The Beyond gets progressively more bizarre as it continues.  It doesn’t take long for Fulci to abandon any pretense of traditional narrative and the film soon becomes a collection of vaguely connected, increasingly surreal set pieces.  A man goes to a library and ends up getting eaten by an army of spiders.  Ghouls suddenly roam through the hallways of the hospital.  Yet another person loses an eye, this time to a loose nail.  Another relatively minor character suddenly has a hole in her head.  A chase through the hospital’s basement leads to the characters somehow finding themselves back in the hotel.  And finally, we go to the Beyond….

This is going to be heresy to some but, as much as I appreciate it, The Beyond is actually not my favorite Fulci film.  Overall, Zombi 2 is my favorite and, as far as the trilogy goes, I actually prefer The House By The Cemetery.  That said, The Beyond is the film that best exemplifies Fulci’s cinematic philosophy.  Fulci called it pure cinema, the idea that if your visuals are strong and properly edited together, the audience will use them to supply their own narrative.  That’s certainly the case in The Beyond.  A lot happens in The Beyond and it’s not always clear how everything’s related.  But since every scene is full of Fulci’s trademark style, the viewers builds the necessary connections in their own mind.  The end result is a film that, perhaps more than any other Fulci film, capture the feel of having a dream.  It’s not a film that will be appreciated by everyone.  Fulci’s work rarely is.  Still, for fans of Italian horror, The Beyond is one of the key films.

Fulci followed The Beyond with one of his best-known movies, The House By The Cemetery.  I’ll look at that film tomorrow.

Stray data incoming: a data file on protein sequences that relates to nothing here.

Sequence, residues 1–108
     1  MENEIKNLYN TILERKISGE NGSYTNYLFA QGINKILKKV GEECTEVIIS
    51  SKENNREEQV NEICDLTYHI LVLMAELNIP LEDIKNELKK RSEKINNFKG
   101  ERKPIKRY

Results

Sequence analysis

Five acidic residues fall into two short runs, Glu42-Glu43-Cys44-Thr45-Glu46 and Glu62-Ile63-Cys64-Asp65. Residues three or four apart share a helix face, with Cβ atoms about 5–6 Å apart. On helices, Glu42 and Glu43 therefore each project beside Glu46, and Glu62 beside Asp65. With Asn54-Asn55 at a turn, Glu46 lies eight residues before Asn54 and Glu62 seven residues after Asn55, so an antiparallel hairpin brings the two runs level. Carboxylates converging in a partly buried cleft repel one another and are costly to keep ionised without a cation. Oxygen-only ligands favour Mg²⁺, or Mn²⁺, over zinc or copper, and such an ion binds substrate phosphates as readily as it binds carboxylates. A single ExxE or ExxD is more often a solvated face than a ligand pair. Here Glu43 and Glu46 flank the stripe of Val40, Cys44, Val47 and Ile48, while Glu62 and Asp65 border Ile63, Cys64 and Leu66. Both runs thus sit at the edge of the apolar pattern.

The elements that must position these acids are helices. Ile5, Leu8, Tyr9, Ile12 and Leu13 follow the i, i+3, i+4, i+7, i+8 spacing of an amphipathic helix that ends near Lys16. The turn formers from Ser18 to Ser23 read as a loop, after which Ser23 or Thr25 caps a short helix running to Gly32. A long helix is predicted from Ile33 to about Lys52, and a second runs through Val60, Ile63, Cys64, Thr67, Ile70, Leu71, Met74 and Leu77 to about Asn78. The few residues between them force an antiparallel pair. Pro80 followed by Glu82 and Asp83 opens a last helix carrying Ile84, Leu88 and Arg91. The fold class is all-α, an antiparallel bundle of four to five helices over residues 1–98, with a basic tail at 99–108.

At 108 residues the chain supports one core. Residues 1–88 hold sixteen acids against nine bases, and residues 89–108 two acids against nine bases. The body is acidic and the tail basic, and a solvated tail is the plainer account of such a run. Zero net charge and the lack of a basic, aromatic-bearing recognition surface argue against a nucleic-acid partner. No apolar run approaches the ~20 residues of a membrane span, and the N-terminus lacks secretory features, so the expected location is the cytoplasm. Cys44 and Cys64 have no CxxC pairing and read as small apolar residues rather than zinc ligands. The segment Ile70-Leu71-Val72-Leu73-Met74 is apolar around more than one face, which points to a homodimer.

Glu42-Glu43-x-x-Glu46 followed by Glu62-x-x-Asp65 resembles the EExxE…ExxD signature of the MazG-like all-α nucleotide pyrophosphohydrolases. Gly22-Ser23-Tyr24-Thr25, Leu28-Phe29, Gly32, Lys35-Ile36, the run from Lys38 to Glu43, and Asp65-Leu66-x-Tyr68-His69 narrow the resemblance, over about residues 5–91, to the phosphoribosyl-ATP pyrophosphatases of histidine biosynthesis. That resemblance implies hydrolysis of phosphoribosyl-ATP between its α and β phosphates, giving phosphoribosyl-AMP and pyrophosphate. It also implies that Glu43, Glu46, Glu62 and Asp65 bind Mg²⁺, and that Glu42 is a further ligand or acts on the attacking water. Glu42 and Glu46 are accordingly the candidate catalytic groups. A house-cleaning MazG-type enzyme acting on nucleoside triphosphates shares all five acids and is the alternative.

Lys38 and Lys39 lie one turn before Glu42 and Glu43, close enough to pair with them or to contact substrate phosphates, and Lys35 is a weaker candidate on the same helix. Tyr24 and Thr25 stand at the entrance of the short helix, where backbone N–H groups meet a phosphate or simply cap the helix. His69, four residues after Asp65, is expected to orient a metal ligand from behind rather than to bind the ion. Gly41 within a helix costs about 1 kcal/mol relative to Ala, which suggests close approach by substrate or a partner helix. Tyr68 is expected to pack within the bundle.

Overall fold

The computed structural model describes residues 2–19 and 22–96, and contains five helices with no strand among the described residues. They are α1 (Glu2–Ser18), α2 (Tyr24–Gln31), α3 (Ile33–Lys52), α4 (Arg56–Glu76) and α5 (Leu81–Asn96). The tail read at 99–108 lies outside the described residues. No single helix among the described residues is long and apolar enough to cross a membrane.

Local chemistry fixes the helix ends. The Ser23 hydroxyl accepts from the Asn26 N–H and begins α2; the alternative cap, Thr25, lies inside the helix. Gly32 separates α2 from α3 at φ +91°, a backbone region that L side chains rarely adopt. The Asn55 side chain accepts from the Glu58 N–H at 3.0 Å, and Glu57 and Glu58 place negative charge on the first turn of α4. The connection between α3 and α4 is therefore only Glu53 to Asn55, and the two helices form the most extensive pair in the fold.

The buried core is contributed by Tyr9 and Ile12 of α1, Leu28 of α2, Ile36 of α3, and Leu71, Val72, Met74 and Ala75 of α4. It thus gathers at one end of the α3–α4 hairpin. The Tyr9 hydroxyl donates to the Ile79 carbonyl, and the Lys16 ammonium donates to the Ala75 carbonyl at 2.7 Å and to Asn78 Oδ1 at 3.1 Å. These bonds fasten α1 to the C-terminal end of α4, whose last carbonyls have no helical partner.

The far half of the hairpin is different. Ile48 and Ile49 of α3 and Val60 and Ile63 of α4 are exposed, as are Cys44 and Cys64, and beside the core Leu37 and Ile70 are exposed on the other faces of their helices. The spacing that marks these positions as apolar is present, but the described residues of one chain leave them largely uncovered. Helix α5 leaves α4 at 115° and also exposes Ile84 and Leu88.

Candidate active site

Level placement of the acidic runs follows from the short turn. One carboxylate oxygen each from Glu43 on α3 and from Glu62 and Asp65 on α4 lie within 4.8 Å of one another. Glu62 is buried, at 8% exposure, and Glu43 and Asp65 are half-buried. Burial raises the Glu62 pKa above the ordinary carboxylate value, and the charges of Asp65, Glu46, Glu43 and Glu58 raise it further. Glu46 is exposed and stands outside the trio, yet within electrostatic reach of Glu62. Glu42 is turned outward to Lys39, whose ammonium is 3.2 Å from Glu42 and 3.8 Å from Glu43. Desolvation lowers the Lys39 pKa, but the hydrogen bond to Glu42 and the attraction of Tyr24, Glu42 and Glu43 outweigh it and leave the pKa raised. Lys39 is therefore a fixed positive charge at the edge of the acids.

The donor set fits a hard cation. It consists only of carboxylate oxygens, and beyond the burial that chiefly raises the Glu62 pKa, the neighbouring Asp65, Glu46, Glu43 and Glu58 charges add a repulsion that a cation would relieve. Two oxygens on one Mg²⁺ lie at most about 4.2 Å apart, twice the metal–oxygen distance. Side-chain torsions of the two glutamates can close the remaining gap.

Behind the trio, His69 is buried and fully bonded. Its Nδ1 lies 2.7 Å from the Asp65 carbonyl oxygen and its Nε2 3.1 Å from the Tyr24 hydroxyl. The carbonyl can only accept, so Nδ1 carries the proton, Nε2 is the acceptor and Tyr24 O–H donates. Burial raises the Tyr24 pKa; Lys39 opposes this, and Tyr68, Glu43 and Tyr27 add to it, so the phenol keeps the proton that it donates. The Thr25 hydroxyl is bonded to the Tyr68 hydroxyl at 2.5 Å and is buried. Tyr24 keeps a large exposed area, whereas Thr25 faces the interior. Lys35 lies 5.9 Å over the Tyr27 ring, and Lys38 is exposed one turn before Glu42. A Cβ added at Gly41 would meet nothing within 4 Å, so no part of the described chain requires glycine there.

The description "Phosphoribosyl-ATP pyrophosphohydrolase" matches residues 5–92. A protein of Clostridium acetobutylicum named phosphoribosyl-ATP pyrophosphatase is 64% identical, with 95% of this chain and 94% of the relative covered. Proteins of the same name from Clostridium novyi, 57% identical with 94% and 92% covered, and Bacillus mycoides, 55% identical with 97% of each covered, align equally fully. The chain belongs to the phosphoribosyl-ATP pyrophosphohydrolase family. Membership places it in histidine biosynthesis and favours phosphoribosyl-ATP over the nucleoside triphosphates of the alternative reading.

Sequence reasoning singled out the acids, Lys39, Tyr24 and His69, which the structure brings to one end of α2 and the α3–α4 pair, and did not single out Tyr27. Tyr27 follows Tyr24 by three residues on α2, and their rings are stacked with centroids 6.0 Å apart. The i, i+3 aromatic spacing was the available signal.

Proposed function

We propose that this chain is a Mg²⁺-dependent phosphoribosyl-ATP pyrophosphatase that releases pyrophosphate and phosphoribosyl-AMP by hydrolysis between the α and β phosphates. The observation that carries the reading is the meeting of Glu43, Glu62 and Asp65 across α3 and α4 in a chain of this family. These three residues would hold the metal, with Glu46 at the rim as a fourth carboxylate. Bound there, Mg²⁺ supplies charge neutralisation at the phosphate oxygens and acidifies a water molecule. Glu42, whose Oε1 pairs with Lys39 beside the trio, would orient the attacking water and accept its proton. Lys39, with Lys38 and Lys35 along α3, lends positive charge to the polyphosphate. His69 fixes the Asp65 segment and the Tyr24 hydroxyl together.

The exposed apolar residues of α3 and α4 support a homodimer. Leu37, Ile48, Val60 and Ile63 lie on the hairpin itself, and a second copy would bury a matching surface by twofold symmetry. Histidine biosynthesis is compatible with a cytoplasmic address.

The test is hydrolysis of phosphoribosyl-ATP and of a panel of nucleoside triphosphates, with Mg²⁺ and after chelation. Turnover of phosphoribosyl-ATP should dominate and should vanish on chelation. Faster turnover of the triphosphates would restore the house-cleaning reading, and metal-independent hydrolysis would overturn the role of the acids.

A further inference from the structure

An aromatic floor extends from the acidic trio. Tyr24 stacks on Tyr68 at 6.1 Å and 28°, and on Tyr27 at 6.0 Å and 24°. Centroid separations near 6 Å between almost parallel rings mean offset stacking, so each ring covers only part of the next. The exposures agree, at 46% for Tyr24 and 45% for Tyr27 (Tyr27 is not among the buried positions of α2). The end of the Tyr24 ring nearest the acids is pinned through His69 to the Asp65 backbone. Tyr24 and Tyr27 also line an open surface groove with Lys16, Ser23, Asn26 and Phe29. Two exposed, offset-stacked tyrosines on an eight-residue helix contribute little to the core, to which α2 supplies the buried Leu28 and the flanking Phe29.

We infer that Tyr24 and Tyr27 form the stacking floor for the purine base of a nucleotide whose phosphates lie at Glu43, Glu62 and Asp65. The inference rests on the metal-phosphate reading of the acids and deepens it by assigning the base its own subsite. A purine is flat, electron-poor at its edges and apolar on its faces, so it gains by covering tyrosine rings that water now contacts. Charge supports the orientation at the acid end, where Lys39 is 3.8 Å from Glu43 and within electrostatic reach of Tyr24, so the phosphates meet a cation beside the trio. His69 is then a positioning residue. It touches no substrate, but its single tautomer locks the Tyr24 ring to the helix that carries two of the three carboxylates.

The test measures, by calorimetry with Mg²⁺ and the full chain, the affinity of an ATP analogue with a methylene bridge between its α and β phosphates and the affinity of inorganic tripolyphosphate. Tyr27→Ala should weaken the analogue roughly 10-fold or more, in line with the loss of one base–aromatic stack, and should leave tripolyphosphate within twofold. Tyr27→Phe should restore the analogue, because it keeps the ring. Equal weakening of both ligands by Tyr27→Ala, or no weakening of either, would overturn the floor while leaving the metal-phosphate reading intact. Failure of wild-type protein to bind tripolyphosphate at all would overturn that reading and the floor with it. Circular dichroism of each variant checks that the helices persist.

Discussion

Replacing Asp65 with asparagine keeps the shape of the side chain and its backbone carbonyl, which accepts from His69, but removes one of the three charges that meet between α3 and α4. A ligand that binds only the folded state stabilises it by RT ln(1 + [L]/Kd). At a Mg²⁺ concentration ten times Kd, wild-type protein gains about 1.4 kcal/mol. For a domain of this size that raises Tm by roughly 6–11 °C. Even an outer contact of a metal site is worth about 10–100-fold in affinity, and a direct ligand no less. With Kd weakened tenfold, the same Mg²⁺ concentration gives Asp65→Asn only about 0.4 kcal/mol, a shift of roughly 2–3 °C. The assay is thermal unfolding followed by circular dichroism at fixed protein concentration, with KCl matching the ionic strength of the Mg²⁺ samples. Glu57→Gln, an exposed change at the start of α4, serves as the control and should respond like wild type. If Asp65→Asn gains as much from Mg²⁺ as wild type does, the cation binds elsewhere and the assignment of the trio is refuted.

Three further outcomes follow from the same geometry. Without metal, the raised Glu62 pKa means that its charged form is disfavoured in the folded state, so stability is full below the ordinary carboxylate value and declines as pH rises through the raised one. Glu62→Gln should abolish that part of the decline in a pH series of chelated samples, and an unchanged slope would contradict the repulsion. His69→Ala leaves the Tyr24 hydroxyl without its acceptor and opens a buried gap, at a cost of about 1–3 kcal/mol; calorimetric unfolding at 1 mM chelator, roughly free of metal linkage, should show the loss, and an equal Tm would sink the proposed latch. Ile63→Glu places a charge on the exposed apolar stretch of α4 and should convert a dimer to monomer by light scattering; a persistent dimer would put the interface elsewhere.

Italian Horror Showcase: City of the Living Dead (dir by Lucio Fulci)

In New York City, a group of people sit around a table, holding a seance.  One of them, a woman named Mary (Catriona MacColl) has a vision.  She sees a sickly, hollow-cheeked priest walking through a cemetery.  She watches as he hangs himself and, as the priest dangles from a tree branch, Mary lets out a piercing scream and collapses to the floor.  The police are called and they promptly declare that Mary has died.  Later, while a hard-boiled reporter named Peter Bell (Christopher George) watches as two grave-diggers walk away from her half-buried coffin, he hears something coming from the grave.  From insider her coffin, Mary is screaming and struggling to get out!

Peter grabs a pickax and smashes it down into the coffin.  Peter may be trying to free her but what he doesn’t realize is that, with each blow of the pickax, he comes dangerously close to hitting Mary in the face.  Somehow, Peter manages to avoid killing Mary.  Once he gets her out of the coffin, Peter and Mary go and see a medium to try to figure out the meaning behind Mary’s previous vision.

What they don’t discuss is why or, for that matter, how everyone was convinced that Mary was dead for at least a day or two.  Mary doesn’t mention that Peter nearly killed her with the pickax.  In fact, for two people who have just met under the strangest and most disturbing of circumstances, Peter and Mary seem to be getting along famously.  For that matter, they don’t appear to be too surprised when the medium informs them Mary’s vision indicated that the dead will soon be entering the world of the living.